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Creating and Hosting an API with Flask

An API, or Application Programming Interface, is a tool enabling developers to interact with data online. Imagine: you navigate to some website and see your location's temperature displayed on their homepage. How did they present this information?
, creating and hosting an api with flask and code capsules

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An API, or Application Programming Interface, is a tool enabling developers to interact with data online. Imagine: you navigate to some website and see your location’s temperature displayed on their homepage. How did they present this information?

Undoubtedly, they used an API. APIs are hosted on a server and operate as an access point between the user and some data.

Part of this guide takes a look at the weatherstack API – an API providing weather data. For the website to retrieve your location’s temperature, they would’ve sent a request to an API like weatherstack. In the request, they would include information about your computer’s location. weatherstack’s API would then return weather data related to your locale, such as the temperature and cloud cover. The weather website will then display this data on their homepage for you to view.

In this tutorial, we’ll learn how to create a personal API with Python (using Flask). Our API will use data from the weatherstack and OpenExchangeRates APIs to give us up-to-the-minute USD exchange rates and the temperature of a given city.

We’ll host our API on Code Capsules so that anyone will be able to request information from it, no matter their location.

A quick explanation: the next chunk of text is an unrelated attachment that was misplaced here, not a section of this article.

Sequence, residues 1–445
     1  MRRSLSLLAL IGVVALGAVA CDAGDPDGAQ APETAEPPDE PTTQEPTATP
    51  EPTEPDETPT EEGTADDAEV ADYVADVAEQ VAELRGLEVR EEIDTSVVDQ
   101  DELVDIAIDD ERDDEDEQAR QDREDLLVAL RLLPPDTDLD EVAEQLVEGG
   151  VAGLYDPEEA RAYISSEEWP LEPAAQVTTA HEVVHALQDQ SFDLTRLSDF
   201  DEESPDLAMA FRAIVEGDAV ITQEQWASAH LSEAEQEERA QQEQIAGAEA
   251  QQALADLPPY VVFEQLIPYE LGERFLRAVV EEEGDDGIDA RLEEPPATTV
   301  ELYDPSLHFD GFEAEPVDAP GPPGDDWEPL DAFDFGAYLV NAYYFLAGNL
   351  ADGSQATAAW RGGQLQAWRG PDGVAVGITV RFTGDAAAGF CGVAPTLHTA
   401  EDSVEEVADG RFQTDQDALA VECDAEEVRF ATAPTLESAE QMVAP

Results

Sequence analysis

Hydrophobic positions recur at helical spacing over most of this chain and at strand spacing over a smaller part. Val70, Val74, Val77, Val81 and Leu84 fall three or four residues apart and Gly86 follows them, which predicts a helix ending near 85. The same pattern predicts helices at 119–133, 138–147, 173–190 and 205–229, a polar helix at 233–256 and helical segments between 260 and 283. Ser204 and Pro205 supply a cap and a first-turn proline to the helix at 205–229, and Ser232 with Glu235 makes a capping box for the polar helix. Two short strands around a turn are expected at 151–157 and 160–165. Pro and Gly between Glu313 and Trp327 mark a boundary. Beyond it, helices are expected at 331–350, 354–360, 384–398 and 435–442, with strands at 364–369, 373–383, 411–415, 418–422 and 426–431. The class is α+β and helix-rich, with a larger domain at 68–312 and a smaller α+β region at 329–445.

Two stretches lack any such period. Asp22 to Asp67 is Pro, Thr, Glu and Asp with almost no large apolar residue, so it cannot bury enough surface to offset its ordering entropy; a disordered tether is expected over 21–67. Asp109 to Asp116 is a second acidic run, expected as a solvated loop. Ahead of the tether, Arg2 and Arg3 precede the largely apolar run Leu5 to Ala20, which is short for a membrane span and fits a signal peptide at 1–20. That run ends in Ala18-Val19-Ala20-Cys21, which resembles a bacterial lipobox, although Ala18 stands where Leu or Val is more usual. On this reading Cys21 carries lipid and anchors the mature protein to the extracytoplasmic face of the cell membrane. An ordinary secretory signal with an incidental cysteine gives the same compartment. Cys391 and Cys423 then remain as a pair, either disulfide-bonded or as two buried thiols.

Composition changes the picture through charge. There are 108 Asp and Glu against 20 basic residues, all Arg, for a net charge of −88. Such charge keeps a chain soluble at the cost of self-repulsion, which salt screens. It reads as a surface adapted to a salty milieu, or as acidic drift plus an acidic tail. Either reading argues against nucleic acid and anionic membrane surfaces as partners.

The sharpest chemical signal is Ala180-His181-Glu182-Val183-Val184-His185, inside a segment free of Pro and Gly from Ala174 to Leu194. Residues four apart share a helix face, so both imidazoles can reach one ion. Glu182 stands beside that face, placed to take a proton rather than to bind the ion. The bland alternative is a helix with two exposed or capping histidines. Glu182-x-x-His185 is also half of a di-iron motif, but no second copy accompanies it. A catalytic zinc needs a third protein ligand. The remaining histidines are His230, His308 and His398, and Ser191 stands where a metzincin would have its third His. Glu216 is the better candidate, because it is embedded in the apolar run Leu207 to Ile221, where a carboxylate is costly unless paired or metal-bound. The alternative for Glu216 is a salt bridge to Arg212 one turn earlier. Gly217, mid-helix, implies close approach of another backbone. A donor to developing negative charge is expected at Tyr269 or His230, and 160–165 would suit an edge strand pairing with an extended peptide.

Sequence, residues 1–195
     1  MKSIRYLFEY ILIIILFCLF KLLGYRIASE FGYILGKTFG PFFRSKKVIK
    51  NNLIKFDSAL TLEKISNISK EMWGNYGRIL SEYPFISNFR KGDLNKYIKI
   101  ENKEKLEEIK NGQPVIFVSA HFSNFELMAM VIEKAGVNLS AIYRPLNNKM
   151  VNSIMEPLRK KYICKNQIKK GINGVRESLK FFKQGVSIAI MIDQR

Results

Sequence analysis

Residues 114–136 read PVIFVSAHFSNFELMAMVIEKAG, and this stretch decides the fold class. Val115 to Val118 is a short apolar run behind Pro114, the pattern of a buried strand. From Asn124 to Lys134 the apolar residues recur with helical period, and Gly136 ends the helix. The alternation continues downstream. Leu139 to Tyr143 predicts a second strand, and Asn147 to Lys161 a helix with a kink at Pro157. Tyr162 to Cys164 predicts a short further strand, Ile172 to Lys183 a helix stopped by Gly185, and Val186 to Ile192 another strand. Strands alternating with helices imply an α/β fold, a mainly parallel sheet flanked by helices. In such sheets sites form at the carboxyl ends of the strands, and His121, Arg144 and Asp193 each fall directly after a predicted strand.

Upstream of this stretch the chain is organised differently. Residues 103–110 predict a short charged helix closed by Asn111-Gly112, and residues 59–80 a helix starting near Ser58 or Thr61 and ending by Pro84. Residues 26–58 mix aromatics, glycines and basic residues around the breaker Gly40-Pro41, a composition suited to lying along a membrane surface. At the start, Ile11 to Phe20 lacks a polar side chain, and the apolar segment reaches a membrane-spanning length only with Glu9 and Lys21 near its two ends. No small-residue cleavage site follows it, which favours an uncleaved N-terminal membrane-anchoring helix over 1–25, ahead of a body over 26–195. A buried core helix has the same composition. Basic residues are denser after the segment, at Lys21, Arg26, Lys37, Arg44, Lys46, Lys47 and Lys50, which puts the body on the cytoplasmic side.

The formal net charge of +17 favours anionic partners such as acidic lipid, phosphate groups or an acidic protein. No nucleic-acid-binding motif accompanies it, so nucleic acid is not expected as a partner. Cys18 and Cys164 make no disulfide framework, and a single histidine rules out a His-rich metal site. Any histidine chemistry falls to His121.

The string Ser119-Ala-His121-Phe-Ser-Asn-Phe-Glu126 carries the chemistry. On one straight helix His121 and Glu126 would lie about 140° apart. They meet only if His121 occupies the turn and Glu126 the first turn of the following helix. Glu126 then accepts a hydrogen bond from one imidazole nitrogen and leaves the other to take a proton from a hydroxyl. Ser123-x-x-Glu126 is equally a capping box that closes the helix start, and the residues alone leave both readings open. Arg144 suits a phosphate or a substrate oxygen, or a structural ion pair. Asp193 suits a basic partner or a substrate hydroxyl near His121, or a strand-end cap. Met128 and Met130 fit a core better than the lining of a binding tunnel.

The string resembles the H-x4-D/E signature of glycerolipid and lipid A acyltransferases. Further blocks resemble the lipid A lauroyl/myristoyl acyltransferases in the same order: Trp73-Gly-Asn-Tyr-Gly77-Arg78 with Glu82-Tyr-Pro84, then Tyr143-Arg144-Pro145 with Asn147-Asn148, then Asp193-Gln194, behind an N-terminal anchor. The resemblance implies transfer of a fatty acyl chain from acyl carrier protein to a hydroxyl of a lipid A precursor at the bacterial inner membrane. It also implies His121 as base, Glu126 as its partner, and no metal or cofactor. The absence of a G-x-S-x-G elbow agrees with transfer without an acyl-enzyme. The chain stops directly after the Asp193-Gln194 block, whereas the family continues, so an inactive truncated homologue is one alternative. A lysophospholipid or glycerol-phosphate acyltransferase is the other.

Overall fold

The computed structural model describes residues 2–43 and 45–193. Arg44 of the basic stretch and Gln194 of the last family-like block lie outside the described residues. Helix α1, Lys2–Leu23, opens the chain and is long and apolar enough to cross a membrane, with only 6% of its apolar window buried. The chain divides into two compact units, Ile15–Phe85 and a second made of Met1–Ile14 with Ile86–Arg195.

Before starting, we’ll need a GitHub account and knowledge of how to push code from a local repository to a remote repository.

Also ensure you’ve installed the following:

Setting Up Our Environment

First, let’s set up a virtual Python environment using Virtualenv. Virtualenv provides a clean Python install with no third-party libraries or packages, allowing us to work on this project without interfering with the dependencies of our other projects.

  1. Open your terminal and create an empty folder.
  2. Navigate to the folder via your terminal, and enter:
virtualenv env

To activate the virtual environment, enter one of the following:


source env/bin/activate



If the virtual environment has activated correctly, you’ll see (env) to the left of your name in the terminal.

env active

Installing the Dependencies

Now that we’ve activated the virtual environment, let’s take a look at the packages we’ll use to create our API:

  • Flask is a minimal web development framework for Python. Flask provides resources and tools for building and maintaining web applications, websites, and more.
  • Gunicorn is a WSGI server that will help serve our Python application (the API hosted on Code Capsules).
  • Requests is a Python library we will use to interact with APIs.

From your terminal where you activated the virtual environment, install these packages with:

pip3 install flask gunicorn requests

Note, pip will have automatically been installed when you set the virtual environment, if not, you can follow this guide to install it.

Registering Accounts on OpenExchangeRates and weatherstack

Our API will return the current temperature of a chosen city and the USD exchange rates for three currencies. We’ll create our API by combining data from two other APIs – weatherstack and OpenExchangeRates. As their names suggest, weatherstack will provide the temperature data, and OpenExchangeRates the exchange rate data.

Registering an account is required so that we can receive a unique API key. An API key is a password that lets us use a particular API. In APIs with more sensitive data, these are used to prevent unauthorized access, but for open APIs like weatherstack and OpenExchangeRates, they’re used for rate limiting to prevent users from sending too many requests at once and overwhelming the system.

Creating our accounts

First, let’s register an account on OpenExchangeRates. Navigate to here and:

  1. Sign up and log in.
  2. On the dashboard, click “App IDs”.
  3. Take note of your “App ID” (API key) you will need to paste it into the code below.

app id

Obtaining the weatherstack API key is similar:

  1. Create a free account on weatherstack